Let's take a concrete example.
I use an electric wheelchair. My arms are as messed up as my legs and I can only walk a few steps. But following this logic:
If I can walk a few steps, I can walk across the room.
If I can walk across the room surely I can walk just a few more steps to move from room to room around the house.
If I can walk around the house surely I can walk just a bit more to walk up the garden path.
If I can walk up the garden path surely I can walk to the road.
If I can walk to the road surely I can walk just a bit further to the end of the street.
If I can walk to the end of the street surely I can walk just a little bit more to the post office.
So in fact I'm a complete fraud for using a wheelchair, right? Right?

The stupidity of this logic is very easy to see when we talk about something obvious like mobility and wheelchairs. But exactly the same process applies when comparing using a computer, twitter, occasional blogging, perhaps doing a shop once a week and being able to hold down a regular job. If those activities are already the absolute limit of the sick person's ability, then no, they can't "just" do a bit more and do enough to do a job.

This same reasoning is also found in "testing" for disability benefits. Being asked if you watch TV can be taken as proof that you can sit up and concentrate. In my case I have a daybed, watch TV lying down and usually don't get to the end of a program but have to have a break and watch it later. So it would be wrong to do so.
As another example I am currently writing this blog post lying down flat on my back and it has taken me several attempts and rests. Now that is ok. I have come to terms with this and I will not let it stop me from writing it. However the finished product should not be taken as proof that I can sit at a desk and concentrate for a long enough period to write articles like this one.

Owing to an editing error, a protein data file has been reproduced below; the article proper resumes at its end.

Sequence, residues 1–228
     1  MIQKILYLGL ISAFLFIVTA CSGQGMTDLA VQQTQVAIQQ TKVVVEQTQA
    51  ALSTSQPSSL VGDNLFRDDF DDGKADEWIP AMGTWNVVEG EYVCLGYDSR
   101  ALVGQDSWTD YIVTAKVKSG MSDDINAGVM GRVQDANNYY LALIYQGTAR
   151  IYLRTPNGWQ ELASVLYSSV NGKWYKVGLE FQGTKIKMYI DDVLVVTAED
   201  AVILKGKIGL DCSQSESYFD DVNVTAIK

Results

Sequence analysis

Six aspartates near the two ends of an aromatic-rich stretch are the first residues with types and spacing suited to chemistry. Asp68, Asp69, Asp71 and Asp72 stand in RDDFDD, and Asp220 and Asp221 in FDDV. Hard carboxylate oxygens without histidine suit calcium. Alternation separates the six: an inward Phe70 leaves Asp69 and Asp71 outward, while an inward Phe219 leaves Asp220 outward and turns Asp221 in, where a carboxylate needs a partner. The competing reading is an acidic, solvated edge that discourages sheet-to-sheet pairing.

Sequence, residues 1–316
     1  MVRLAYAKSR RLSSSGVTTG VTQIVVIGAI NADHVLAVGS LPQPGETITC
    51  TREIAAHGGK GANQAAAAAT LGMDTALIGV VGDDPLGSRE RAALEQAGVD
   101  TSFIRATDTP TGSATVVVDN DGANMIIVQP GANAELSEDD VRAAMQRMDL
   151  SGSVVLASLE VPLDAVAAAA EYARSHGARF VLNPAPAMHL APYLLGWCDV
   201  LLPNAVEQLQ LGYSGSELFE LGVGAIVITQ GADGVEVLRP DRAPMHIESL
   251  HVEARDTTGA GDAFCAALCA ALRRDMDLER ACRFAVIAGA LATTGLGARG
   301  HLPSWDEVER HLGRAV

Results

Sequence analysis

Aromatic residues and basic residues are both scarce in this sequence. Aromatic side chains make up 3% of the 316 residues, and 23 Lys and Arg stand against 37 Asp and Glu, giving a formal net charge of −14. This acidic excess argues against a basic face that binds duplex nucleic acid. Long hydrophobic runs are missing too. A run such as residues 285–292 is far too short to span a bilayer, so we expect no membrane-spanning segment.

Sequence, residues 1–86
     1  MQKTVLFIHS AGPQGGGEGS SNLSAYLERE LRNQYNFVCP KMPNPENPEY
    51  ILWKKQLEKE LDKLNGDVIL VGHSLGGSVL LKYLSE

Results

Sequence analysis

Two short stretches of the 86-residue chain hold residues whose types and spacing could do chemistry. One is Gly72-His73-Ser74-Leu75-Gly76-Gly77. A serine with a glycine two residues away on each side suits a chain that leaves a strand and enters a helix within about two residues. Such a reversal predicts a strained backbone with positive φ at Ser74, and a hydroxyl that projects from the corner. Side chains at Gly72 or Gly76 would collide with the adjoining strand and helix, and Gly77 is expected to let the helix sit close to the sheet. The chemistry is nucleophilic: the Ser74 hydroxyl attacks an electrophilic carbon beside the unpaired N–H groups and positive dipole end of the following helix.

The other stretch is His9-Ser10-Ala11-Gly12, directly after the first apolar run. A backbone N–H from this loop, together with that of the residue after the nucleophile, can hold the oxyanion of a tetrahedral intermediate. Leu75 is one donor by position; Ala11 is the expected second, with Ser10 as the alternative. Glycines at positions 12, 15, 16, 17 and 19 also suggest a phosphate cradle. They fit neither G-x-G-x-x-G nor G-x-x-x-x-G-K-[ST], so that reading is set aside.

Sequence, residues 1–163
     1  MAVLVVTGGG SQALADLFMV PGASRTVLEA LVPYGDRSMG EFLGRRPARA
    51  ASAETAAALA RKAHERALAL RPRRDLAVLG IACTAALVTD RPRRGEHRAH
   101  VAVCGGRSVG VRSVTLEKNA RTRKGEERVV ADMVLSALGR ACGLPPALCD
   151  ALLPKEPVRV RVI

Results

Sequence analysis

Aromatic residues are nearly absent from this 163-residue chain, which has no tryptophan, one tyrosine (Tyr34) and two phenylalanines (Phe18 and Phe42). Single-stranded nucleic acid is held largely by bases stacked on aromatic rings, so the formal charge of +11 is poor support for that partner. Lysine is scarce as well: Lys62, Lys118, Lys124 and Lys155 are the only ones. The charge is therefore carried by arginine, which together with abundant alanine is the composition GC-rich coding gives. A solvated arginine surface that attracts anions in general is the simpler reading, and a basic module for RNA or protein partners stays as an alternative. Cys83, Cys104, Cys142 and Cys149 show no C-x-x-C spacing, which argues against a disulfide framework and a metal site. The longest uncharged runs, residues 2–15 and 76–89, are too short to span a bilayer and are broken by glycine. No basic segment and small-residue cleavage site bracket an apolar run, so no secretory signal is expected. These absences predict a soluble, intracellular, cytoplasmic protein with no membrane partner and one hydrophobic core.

Testing whether people can work or not should be extremely careful not to make those mistakes. In fact in my opinion ideally the whole process should not be a black and white medical functional test at all but a sliding scale allowing people to do what they can with the best support (and make sure they get it). It shouldn't matter whether that be nothing, 1 hour a week, 10 or 30 and voluntary work should be an acceptable solution, particularly for those whose conditions mean they cannot be reliable. Unfortunately all governments have been implacably opposed to anything resembling a real life test and so this is likely to remain wishful thinking.

Tuesday, 16 July 2013

IDS: Belief vs. Statistics

I am extremely disappointed to once again have to draw attention to Iain Duncan Smith. You would think that having been publicly rebuked by the independent UK Office of Statistics, in addition to the official inquiry by the Committee of Work and Pensions into the use of Statistics by the DWP, that he would now be more honest with his dealings with the media. It would seem this is far from the case.